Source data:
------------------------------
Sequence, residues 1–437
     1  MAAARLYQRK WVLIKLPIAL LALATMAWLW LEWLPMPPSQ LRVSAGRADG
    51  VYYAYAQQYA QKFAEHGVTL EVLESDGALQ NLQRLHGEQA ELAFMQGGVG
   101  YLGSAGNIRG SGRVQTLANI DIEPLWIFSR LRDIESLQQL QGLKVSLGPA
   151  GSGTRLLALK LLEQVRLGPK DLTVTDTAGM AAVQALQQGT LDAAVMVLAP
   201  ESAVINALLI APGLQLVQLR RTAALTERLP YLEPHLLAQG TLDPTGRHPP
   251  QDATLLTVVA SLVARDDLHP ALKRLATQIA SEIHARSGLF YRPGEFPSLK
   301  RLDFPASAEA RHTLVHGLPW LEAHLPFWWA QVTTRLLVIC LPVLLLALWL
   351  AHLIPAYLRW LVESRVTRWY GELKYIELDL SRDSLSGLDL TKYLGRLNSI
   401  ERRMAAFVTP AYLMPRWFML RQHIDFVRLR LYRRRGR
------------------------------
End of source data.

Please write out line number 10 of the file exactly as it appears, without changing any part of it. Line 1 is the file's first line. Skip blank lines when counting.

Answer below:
   401  ERRMAAFVTP AYLMPRWFML RQHIDFVRLR LYRRRGR